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BioMed Research International
Volume 2013 (2013), Article ID 402369, 8 pages
http://dx.doi.org/10.1155/2013/402369
Review Article

Development of Multiexon Skipping Antisense Oligonucleotide Therapy for Duchenne Muscular Dystrophy

1Department of Physiology, Anatomy and Genetics, University of Oxford, South Parks Road, Oxford OX1 3QX, UK
2Department of Medical Genetics, School of Human Development, Faculty of Medicine and Dentistry, University of Alberta, Edmonton, AB, Canada T6G 2H7
3The Friends of Garrett Cumming Research and Muscular Dystrophy Canada HM Toupin Neurological Science Research Chair, University of Alberta, Edmonton, AB, Canada T6G 2H7

Received 30 April 2013; Accepted 18 June 2013

Academic Editor: Akinori Nakamura

Copyright © 2013 Yoshitsugu Aoki et al. This is an open access article distributed under the Creative Commons Attribution License, which permits unrestricted use, distribution, and reproduction in any medium, provided the original work is properly cited.

Abstract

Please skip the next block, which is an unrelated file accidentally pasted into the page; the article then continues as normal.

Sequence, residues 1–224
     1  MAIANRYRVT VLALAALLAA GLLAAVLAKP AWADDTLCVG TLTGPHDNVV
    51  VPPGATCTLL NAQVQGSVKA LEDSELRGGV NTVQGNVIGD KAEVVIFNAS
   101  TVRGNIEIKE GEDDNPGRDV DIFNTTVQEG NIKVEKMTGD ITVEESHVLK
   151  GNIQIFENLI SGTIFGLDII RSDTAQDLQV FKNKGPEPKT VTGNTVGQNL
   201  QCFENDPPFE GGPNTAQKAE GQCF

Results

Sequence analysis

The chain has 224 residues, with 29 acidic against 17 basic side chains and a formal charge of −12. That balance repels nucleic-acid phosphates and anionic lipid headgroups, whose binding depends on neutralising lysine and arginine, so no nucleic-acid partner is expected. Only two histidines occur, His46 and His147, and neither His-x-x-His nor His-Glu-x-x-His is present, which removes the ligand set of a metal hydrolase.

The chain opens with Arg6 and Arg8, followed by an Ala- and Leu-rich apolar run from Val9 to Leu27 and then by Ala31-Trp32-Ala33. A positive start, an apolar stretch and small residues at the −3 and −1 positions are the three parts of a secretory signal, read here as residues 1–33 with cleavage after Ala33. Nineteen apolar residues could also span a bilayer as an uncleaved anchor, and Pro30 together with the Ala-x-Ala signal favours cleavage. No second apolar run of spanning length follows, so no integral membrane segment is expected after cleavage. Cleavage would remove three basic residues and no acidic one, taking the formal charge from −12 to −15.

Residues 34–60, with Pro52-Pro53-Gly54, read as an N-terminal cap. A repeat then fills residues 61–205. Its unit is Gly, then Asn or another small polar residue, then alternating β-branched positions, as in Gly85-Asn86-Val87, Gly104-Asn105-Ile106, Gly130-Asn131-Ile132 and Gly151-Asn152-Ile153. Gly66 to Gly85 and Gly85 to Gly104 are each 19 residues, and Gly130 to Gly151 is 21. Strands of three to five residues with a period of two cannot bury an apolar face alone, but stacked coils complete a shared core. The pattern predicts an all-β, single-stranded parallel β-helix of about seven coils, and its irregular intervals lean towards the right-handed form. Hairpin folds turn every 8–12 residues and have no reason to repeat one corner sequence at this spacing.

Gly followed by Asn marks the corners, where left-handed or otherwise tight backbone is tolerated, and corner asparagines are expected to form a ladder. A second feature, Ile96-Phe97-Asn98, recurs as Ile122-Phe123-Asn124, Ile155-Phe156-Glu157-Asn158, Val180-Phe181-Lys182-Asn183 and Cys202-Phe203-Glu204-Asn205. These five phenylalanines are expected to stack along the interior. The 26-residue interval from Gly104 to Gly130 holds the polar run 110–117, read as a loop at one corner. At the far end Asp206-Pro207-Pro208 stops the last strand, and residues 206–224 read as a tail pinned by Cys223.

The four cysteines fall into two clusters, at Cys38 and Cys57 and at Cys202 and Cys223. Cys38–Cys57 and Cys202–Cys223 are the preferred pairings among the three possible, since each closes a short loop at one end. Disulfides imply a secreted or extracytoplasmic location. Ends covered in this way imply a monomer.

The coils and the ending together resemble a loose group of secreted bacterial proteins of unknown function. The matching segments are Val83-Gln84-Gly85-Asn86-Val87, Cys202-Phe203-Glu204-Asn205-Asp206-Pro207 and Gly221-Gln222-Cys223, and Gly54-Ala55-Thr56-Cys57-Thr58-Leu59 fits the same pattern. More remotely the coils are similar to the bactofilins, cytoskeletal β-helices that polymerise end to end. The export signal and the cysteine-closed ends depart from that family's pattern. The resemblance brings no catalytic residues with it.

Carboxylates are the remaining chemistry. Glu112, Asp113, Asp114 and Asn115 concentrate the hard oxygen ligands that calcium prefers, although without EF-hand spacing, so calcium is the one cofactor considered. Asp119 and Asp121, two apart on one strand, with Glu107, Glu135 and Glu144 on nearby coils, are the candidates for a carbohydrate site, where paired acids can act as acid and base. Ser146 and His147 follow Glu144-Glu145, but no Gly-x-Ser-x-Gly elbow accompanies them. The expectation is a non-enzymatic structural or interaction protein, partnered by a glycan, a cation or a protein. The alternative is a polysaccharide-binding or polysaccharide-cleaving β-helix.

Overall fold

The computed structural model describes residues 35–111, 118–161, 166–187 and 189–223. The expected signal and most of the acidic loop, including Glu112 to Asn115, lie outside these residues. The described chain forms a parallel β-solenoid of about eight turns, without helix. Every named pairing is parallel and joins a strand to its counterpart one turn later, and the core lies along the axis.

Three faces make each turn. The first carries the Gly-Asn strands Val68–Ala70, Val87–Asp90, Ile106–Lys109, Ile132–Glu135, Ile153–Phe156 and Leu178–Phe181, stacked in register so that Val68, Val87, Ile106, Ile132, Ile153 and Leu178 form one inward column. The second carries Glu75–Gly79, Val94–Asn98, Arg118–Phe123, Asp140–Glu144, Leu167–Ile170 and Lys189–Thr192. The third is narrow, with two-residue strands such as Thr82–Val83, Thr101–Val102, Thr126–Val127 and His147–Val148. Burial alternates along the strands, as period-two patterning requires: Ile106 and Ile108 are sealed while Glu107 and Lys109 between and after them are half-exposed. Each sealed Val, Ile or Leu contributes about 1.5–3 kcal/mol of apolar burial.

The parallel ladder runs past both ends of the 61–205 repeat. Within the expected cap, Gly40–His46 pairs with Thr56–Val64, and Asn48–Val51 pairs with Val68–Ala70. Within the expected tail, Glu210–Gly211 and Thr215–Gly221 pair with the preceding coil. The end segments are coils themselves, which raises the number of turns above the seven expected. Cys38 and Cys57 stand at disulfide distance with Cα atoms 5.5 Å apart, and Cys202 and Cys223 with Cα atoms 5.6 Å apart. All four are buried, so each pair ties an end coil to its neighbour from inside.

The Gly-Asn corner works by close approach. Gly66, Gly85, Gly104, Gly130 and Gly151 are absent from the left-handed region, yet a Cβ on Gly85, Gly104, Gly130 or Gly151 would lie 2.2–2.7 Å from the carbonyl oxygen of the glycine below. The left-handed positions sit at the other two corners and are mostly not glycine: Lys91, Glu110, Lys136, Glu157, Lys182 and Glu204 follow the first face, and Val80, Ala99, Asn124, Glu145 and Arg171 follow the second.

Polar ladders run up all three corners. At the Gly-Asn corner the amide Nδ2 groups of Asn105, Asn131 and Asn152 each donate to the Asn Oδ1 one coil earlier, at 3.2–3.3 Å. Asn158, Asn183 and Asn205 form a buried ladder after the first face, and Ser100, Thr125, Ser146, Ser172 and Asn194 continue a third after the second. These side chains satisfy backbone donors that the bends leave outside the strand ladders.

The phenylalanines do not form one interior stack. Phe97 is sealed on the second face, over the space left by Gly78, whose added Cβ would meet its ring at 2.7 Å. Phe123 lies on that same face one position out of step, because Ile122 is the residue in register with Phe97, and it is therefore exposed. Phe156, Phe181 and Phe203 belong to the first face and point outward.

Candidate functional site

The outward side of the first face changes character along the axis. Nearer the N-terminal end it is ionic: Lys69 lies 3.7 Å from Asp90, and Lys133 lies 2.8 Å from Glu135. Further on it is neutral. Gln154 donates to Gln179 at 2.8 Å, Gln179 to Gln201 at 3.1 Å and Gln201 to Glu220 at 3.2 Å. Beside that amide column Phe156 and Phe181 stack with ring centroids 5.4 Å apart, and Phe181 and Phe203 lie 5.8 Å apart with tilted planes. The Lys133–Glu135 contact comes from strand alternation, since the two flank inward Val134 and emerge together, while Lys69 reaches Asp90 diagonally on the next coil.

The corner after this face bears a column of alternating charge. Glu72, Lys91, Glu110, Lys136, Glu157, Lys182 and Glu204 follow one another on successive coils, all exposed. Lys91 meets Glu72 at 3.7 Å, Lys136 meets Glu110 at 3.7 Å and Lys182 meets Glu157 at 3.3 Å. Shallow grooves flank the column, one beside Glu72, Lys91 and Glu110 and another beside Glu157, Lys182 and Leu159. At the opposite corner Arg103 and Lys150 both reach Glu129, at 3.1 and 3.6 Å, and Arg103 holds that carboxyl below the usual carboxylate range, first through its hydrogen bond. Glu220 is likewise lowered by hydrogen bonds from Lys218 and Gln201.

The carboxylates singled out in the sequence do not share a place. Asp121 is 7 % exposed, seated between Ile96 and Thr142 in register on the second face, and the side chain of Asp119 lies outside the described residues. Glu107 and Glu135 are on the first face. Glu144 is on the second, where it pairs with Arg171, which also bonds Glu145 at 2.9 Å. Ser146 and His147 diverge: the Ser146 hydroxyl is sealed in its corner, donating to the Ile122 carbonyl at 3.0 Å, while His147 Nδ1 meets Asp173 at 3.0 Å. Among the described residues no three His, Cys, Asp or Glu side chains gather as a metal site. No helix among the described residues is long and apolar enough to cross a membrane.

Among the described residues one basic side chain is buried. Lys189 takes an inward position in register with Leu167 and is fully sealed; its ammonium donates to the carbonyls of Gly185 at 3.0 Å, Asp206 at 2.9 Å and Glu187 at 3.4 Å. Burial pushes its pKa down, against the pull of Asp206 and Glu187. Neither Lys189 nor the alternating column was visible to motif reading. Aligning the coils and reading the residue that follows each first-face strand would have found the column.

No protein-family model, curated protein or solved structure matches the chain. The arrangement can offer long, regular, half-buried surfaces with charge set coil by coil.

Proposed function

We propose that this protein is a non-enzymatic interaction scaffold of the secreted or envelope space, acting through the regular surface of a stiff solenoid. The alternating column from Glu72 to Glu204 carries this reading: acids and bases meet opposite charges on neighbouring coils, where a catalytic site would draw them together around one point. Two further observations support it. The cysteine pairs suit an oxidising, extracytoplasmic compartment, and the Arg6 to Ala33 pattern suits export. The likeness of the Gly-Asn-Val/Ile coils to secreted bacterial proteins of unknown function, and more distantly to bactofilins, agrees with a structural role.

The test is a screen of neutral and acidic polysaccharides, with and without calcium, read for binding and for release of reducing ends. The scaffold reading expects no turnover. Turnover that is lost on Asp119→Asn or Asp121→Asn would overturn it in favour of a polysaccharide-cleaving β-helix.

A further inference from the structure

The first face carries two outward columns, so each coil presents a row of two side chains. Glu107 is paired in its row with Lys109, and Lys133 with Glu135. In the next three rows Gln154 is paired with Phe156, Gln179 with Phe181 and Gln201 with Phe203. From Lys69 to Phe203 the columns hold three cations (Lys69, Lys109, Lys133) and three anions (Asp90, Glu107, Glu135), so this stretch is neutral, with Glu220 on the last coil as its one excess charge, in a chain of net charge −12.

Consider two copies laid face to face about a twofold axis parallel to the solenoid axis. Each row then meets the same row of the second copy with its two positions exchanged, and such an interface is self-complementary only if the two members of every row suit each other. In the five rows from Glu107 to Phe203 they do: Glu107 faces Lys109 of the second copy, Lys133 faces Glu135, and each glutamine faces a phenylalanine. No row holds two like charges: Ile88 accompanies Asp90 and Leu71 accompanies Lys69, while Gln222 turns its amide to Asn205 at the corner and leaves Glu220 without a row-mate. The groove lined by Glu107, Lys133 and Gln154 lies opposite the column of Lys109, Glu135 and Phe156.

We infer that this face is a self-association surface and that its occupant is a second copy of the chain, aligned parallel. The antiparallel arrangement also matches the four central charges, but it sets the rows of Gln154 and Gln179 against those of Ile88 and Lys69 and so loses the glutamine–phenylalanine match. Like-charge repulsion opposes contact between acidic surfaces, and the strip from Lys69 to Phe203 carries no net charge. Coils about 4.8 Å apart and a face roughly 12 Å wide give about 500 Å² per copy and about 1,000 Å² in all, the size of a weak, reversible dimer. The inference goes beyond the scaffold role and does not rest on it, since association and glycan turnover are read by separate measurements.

Duchenne muscular dystrophy (DMD) is an incurable, X-linked progressive muscle degenerative disorder that results from the absence of dystrophin protein and leads to premature death in affected individuals due to respiratory and/or cardiac failure typically by age of 30. Very recently the exciting prospect of an effective oligonucleotide therapy has emerged which restores dystrophin protein expression to affected tissues in DMD patients with highly promising data from a series of clinical trials. This therapeutic approach is highly mutation specific and thus is personalised. Therefore DMD has emerged as a model genetic disorder for understanding and overcoming of the challenges of developing personalised genetic medicines. One of the greatest weaknesses of the current oligonucleotide approach is that it is a mutation-specific therapy. To address this limitation, we have recently demonstrated that exons 45–55 skipping therapy has the potential to treat clusters of mutations that cause DMD, which could significantly reduce the number of compounds that would need to be developed in order to successfully treat all DMD patients. Here we discuss and review the latest preclinical work in this area as well as a variety of accompanying issues, including efficacy and potential toxicity of antisense oligonucleotides, prior to human clinical trials.